from IPython.display import Markdown
model = genai.GenerativeModel('gemini-pro')
response = model.generate_content("List 5 planets each with an interesting fact")

There are currently two models available in the Gemini LLM series;

1. Gemini Pro

Gemini Pro is an unimodal, text-based model. This means that it can only process text inputs and generate output in textual format. The model has an input token length of 30 tokens and can generate an output of up to 2000 tokens, making it suitable for creating chat applications.

2. Gemini Pro Vision

The Gemini Pro Vision model is a multimodal model capable of processing both text and image-based inputs.[6] It closely resembles OpenAI’s GPT-4 model, with their most significant difference lying in their context length. In this regard, Gemini Pro Vision has an input context length of 12,000 tokens and can generate an output of up to 4,000 tokens.

Depending on your specific use case, you can ask the model (Gemini Pro) to generate text by asking it a simple question such as ‘Name the eight planets of the solar system’, or input an image (for the vision model) and ask the model questions pertaining to the image. For instance, you can input an image of a cat and ask the model to recognize it. You can also take your queries a step further by asking it to further elaborate on them.

Using Gemini to generate multiple responses from a single prompt

The Gemini model does not refer to its output as an output. Instead, it uses the word candidates. As such, any response from the model may contain the word candidate. According to Google, the model can generate multiple candidates from a single prompt, giving you the chance to choose the best answer among a multitude of choices.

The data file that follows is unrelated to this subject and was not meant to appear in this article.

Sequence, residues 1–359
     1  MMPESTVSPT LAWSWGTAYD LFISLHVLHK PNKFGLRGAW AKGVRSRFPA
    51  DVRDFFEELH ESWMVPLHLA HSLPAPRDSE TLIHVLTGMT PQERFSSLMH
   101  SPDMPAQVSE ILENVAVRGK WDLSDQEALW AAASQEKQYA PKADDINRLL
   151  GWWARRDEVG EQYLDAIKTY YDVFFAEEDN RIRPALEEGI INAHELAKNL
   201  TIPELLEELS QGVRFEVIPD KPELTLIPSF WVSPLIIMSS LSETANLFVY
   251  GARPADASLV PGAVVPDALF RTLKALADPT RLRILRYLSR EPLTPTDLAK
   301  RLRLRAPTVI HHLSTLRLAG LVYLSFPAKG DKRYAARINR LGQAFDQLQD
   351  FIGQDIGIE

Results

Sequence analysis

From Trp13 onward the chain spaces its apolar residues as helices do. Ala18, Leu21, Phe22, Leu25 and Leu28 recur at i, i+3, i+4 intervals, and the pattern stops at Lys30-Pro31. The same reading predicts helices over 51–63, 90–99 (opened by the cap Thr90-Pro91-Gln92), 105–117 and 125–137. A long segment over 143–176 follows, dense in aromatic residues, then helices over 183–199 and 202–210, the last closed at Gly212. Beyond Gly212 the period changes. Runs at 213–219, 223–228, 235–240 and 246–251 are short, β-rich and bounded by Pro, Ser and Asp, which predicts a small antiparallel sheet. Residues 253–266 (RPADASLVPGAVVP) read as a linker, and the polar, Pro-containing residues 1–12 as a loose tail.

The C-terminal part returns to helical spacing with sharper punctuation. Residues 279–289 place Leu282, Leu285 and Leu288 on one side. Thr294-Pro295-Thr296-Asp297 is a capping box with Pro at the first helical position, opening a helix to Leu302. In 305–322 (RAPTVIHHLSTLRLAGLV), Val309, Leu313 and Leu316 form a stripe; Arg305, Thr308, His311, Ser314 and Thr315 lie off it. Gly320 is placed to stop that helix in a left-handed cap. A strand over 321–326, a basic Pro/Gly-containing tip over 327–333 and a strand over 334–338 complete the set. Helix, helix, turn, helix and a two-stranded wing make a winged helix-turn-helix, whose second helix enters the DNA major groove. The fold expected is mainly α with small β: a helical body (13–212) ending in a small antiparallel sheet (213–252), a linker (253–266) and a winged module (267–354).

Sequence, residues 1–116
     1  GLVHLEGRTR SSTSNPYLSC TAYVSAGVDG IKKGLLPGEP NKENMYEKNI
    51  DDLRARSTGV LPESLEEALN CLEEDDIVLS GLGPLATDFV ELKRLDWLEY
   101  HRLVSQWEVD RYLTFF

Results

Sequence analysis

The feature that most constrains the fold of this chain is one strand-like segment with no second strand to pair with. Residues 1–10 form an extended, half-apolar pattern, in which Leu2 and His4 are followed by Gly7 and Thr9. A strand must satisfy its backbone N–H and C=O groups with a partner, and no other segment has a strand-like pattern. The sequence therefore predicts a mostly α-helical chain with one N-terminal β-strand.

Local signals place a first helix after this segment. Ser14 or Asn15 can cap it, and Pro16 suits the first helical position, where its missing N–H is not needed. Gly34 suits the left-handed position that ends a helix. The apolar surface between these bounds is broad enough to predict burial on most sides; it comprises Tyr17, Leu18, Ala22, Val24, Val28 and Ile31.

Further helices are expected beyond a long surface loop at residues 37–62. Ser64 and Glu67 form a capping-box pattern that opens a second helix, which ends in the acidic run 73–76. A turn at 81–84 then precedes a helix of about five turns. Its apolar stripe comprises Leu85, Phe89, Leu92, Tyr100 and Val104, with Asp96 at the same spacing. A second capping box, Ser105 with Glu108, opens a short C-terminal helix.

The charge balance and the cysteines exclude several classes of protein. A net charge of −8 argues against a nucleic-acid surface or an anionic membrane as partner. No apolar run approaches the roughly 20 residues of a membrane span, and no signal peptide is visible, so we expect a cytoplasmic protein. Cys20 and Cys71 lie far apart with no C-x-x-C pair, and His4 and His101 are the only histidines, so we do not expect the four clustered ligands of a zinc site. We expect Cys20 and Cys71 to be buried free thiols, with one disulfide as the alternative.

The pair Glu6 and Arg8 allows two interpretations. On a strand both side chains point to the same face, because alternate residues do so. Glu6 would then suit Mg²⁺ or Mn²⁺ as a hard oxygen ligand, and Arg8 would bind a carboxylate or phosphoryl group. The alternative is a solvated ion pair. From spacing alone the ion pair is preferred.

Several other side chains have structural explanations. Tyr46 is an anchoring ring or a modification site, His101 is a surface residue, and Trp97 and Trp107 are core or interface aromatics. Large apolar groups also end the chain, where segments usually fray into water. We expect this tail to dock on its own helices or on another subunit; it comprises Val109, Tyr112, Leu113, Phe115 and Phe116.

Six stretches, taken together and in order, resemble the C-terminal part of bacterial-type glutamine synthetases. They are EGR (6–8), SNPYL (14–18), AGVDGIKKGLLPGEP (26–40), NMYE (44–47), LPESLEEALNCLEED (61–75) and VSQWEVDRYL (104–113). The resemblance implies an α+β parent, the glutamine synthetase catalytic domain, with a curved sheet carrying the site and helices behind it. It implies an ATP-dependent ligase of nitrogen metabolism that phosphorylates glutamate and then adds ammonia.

Unfortunately, this capability has not yet been implemented, which means you can only generate a single candidate per query. On the upside, there’s speculation that upcoming updates may provide multiple responses from a single query.

Exploring Gemini’s multimodal capabilities

As a multimodal model, the Gemini LLM can process and analyze different types of input data. In this instance, we’ll test its chat function with an image query. That said, it is important to note that only the Gemini Pro Vision model can handle image inputs.

Here’s an example of how you can use the Gemini LLM to process and analyze an image input.

Use the PIL library to load an image. lem

Create a new vision model called ‘Gemini-pro-vision’ using the GenerativeModel class.

Using the GenerativeModel.generative_content() function, input the image along with the necessary textual prompts.

Here’s a simple code for this operation:

import PIL.Image
image ='random_image.jpg')
vision_model = genai.GenerativeModel('gemini-pro-vision')
response = vision_model.generate_content(["Write a 100 words story from the Picture",image])

The code above will prompt the model to generate a text based on the image. However, you can take it a step further by prompting the model to generate a JavaScript Object Notation (JSON) response.

In this instance, the model will inspect the objects in the image and deliver an appropriate response. For example, if you input an image of a busy street, the model may be able to name the objects in the image, including people, vehicles, and other elements.

Using Gemini LLM’s chat version